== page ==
"It was not subtle at all", said the study's lead author, Victoria Cortessis, PhD, associate professor of clinical preventive medicine at the Keck School.
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Of all the women who were surveyed, those who used the coil had a third less incidence of cervical cancer.
After analyzing the results, they found that the rate of cervical cancer was one-third lower in women who used IUDs compared to those who did not.
The analysis is "fascinating", and the potential explanation for why an IUD might reduce cervical cancer risk "really does make sense", said women's health specialist Dr. Jill Rabin.
"I think what we're ready to say is that this pattern is what you would expect if" it was true that IUDs reduced the risk of cervical cancer, Cortessis said.
She said it would add to the benefits of using an IUD and would be especially helpful for women who may not have access to HPV vaccines.
The most important risk factor for cervical cancer is infection with the human papillomavirus (HPV), which is spread through sexual activity.
However, the study only showed an association between IUDs and a lower risk of cervical cancer.
Confounding variables - or factors that the researcher can't control for - have always been a worry in research on IUDs and cervical cancer, Franco told Live Science. However, the pooled analysis is only clinically useful if the underlying studies are high quality.
Cortessis and her colleagues suspected that the IUD might influence risk of cervical cancer because it prevents pregnancy through manipulation of the female immune system.
The methodology used by the researchers was "very good", said Eduardo Franco, the director of cancer epidemiology at McGill University in Montreal, who was not involved in the new review.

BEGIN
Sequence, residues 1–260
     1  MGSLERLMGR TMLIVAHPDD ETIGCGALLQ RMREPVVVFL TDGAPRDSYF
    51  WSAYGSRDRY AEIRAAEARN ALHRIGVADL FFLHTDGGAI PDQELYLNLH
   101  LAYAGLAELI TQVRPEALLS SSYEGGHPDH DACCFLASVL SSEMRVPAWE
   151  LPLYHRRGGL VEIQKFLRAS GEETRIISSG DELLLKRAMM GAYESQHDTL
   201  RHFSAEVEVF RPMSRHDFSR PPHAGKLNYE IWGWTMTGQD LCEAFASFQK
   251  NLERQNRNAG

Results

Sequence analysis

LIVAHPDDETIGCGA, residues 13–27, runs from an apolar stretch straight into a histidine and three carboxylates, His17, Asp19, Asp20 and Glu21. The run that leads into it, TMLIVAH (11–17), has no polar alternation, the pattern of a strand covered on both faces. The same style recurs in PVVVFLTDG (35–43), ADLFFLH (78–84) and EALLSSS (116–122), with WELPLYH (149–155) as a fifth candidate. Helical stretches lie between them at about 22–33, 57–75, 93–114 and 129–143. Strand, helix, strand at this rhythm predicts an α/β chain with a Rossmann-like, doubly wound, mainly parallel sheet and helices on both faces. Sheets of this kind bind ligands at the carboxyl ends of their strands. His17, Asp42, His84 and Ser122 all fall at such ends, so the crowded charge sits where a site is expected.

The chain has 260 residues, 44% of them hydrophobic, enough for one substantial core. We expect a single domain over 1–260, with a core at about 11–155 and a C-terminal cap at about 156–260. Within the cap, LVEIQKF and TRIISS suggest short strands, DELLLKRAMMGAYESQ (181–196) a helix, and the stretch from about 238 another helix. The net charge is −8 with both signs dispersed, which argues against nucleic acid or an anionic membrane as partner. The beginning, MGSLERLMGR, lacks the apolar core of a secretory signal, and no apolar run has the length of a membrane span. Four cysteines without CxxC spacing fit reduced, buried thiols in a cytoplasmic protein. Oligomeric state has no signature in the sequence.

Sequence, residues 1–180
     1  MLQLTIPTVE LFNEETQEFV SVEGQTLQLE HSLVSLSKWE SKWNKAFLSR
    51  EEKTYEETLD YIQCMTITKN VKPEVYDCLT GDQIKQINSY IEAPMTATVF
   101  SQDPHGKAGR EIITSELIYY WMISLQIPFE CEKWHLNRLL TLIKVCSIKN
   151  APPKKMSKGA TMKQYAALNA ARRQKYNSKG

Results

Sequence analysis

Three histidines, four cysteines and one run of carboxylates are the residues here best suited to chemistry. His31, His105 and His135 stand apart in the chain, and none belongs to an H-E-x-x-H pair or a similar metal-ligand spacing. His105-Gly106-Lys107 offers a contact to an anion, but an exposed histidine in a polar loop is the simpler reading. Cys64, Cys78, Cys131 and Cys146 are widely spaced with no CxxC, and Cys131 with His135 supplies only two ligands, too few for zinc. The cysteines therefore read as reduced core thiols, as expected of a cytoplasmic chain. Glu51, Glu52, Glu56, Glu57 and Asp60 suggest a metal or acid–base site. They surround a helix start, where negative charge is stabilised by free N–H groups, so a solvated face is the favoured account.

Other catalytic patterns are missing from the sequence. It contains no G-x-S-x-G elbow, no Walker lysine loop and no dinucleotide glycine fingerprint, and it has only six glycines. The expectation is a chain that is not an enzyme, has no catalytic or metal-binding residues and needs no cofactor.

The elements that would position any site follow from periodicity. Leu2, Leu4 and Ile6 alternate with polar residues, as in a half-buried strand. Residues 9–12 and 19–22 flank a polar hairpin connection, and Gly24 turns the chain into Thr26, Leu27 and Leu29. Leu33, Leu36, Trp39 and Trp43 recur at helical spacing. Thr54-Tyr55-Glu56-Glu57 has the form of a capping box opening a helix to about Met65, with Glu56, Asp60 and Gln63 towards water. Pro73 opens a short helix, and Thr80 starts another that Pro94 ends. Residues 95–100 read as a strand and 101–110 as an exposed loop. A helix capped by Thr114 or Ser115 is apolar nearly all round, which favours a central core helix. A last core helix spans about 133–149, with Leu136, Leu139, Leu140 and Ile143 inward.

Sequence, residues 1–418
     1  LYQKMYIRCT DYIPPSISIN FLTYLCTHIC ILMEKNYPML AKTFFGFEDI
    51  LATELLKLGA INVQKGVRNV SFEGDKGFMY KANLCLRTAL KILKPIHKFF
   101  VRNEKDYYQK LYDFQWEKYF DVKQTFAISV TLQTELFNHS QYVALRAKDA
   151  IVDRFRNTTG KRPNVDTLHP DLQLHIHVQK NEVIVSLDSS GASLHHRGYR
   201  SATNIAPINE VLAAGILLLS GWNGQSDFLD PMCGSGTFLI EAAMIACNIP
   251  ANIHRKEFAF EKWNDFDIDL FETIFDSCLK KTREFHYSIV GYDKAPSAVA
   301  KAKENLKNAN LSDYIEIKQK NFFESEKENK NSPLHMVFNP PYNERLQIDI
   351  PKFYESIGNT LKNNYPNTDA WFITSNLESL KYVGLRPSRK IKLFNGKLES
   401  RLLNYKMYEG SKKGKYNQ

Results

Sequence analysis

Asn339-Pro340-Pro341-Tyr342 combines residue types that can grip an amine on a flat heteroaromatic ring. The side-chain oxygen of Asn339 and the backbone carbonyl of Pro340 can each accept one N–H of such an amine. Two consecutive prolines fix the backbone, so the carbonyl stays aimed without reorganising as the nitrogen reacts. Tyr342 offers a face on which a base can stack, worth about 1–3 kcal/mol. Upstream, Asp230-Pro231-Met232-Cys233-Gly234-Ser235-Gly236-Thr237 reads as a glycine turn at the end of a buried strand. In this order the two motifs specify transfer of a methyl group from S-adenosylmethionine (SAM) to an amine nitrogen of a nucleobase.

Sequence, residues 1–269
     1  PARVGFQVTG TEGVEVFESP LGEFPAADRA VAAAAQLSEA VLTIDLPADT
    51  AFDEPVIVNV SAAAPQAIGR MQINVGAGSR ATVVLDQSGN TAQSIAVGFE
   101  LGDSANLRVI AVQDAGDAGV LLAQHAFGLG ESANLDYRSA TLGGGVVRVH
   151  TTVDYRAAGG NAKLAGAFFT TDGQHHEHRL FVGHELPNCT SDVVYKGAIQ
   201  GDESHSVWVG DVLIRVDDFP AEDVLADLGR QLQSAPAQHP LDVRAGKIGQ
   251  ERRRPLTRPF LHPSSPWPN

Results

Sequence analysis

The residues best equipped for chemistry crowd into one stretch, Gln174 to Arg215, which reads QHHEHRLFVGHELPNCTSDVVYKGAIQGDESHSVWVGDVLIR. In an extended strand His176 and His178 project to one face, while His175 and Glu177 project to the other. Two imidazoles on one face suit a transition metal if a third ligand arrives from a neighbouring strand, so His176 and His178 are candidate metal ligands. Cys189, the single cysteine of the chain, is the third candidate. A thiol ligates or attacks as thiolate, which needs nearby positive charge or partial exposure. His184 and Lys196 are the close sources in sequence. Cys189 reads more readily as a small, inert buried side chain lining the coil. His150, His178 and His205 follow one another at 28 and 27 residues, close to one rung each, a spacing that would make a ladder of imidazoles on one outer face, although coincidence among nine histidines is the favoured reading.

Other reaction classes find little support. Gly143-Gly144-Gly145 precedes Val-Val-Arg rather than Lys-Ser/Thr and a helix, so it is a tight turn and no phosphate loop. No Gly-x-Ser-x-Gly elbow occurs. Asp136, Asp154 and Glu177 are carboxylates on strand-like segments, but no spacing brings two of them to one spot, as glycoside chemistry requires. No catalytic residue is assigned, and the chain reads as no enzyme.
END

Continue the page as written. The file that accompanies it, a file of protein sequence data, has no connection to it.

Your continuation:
"[The study] is unlikely to change clinical practice and women's opinions regarding IUD". "That's why we want 11- and 12-year-olds to be vaccinated, so they have time to be fully vaccinated and have a robust immune response before" first exposure. Most of the time, HPV infections go away on their own, but when they do not, they can lead to genital warts and various kinds of cancer, including but not limited to cancer of the vulva, vagina, penis, anus, or throat - and, of course, the cervix. If this infection is gone, then the cervical cancer chances also get smaller.
Women in developed countries are not only more likely to have had the HPV vaccine, but they are also more likely to have better access to healthcare and have had regular cervical cancer screening. There are two types of IUD.
"It raises the need for further research to be done to see if that is in fact the case", said Dr. Len Lichtenfeld, deputy chief medical officer for the American Cancer Society. Omitting age at fitting is also problematic because the World Health Organization has found that age is a highly influential factor in HPV prevalence: the earlier a woman has the coil fitted, the greater the protection against HPV infection she may get.
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